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If you have multiple television sets in or around your home, perhaps in a kitchen, bedroom, or even the garden shed, in addition to the set in your living room, you may want all of them to receive signals from a single conveniently and effectively positioned aerial. This is not altogether easy in the average home however, and although multiple aerials may be a possibility, aerials and cabling are expensive and do little for the aesthetics of your home. A neater and more cost-effective solution may be a wireless A/V (“Audio Video”) transmitter (also known as an A/V video or TV “sender”) which operates in the same way as a traditional aerial, only on a smaller scale. Indeed an A/V sender can be employed to transmit signals from not only your living room TV, but also your DVD player, “Freeview” box etc., to a receiver positioned anywhere in your home. Signals travel through the air and through intervening walls and ceilings, so no additional cabling is required.
How TV Senders Work
When you connect a wireless A/V transmitter to a TV or any other piece of A/V equipment within your home, that device effectively becomes a broadcaster of audio and video signals. Similarly, if you connect a wireless A/V receiver to another TV (perhaps a TV in a bedroom, for example) that TV becomes capable of receiving and decoding the signals broadcast by the sending device. This means that audio and video signals can be distributed throughout your home, and you can even change TV channels remotely, using a remote control. If you have just a single source of audio, video or both, the only additional piece of equipment that you require is a remote control extender so that you can change channels on a “Freeview” box located in your living room, from a bedroom or elsewhere.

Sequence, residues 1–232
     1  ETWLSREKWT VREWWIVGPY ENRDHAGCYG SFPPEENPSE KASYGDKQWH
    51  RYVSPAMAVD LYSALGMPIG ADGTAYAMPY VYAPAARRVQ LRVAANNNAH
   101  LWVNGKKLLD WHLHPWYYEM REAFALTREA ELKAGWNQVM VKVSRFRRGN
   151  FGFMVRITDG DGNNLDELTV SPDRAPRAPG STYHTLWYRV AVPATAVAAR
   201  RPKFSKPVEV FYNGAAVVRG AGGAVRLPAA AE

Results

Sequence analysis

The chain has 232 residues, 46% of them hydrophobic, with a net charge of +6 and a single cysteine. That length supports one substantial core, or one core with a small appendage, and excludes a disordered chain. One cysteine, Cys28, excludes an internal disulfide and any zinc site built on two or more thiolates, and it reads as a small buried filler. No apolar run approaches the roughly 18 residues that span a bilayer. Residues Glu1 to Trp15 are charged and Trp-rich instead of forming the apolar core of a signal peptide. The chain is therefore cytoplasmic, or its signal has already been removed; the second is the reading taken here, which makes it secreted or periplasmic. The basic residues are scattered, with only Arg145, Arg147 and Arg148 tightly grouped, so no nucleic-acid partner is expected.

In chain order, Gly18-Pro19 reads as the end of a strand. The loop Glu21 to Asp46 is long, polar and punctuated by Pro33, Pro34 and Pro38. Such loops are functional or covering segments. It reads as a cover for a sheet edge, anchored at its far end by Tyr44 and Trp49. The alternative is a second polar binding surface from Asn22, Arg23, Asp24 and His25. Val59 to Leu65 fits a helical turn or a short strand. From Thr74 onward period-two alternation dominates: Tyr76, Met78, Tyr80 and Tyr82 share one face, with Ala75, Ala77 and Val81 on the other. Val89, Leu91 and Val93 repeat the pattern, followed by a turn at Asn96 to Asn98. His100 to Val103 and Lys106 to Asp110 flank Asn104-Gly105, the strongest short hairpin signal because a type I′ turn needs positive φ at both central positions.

The installation of a TV sender is typically very straightforward. Aerials are usually integrated into the transmitter and receiver units, so it is simply a question of connecting a sending device to a transmitter (typically using a colour coded SCART cable) and a receiving device to a receiver by similar means. Audio and video signals are often transmitted between the sending and receiving devices by means of wideband FM (Frequency Modulation) signals, which can help to minimise interference from other wireless A/V transmitters.
TV Sender Features, Benefits & Considerations
A TV sender can, of course, allow you and your family to watch TV programmes, including “Freeview”, on a TV set in a bedroom or elsewhere, without the need to drill holes, or leave trailing cables. A TV sender can also be used for other applications, such as connecting a DVD player to HiFi stereo or other audio system, or connecting a security video camera to a VCR (“Video Cassette Recorder”), again without unsightly runs of cable.
TV senders typically transmit signals in the 2.4GHz frequency band; which is also used by cordless phones, 802.11b and 802.11g based, “WiFi”, wireless networking devices, and microwave ovens, and are subject to interference which can degrade picture and sound quality to that of VHS (“Video Home System”) or worse. As a solution to this problem, TV senders which transmit in the less crowded 5.8GHz frequency band are becoming increasing available. In any case, it is advisable to position the transmitter and receiver of a TV sender in as open an area as possible, to avoid interference from nearby obstructions.